10 Reasons The Plausibility Problem is the book the church needs on homosexuality

It’s a few months now since my brother-in-law Mitch and I reviewed Born This Way, a book touted as the book the church needed to help us think through ministry to same sex attracted people. It’s fair to say we disagreed with the approach the book took. Now. Months later. Here is the book we both think is the book the church needs on homosexuality. Ed Shaw’s The Plausibility Problem. And here are 10 reasons why we believe this is the case.

But first. On book reviews and conversations

Before getting into the meat of the review, I (Nathan. To be clear, when this post uses “I” it’s Nathan, when it is “we” it is us) just want to make a couple of observations about the widespread criticism our first review received from people because it didn’t treat the book on its own terms (or on the author’s terms). I’m tacking them on here because they are actually pertinent, in some way, in terms of why we think this other book is the book for our times.

Before we get too far along — the original review of Born This Way has been updated a couple of times since posting, one of the significant updates was to include a link to a review of Born This Way by Liberty Inc’s pastoral worker Allan StarrBorn This Way’s author Steve Morrison has responded to this review with a gracious counter argument

I guess the question I’m still grappling with, and I think Mitch might be too, is when a book is billed as “the book the Church needs” on an issue, just how much of that hyperbole should be allowed to go unchallenged? How much should we review a book on its own terms, and how much we should review it in terms of the way it is being used or positioned in a wider conversation. A conversation that we are passionate (and interested) participants in?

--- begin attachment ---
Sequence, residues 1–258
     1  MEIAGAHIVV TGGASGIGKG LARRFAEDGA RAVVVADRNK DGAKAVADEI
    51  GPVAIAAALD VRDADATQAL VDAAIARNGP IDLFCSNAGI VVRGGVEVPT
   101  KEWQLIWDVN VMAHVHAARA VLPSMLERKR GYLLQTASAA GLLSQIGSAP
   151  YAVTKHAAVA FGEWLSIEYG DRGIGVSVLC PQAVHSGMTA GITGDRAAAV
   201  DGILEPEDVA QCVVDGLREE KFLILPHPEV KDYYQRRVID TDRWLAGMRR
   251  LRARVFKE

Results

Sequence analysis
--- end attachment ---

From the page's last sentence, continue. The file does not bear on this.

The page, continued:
It was both the nature of Born This Way, and the nature of the feedback to our review, that made me quickly come to grips with a couple of generation gaps that I don’t think us Aussie reformed evangelicals are bridging. These are labels that apply to Matthias Media (the publisher), Steve Morrison (the author), and Mitch and I as reviewers. This is the sort of tribe we all belong to, with a few geographic and denominational quirks… my observation is that there’s a generational turning point where people either generally agreed with our review, both in its substance and style, or thought it was terribad — the main criticisms of these older types were that we did not take the book on its terms and assess it accordingly, and that we wrote such a substantial critique, posted it online, and included stuff like the promotional material around the book in our treatment of the book as though they have equal weight. On this last point, I wrote something a while back about how the media is shifting to talking about a thing as though it’s the main thing, to talking about and participating in conversation, as though that’s the main thing… all of this is to say I think there are a couple of clashing worldviews operating, even within this ‘tribe’ we all belong to, which explains many of our problems with the book. I think the reason there’s such a sharp contrast between people of profoundly different demographics is because a shift happened somewhere in the last 40 years or so (this figure bleeds out at the margins — there are older people who go one way, and younger people who go the other— because it’s an environmental thing too), and this shift has two significant factors for the conversation surrounding these books, and homosexuality more generally: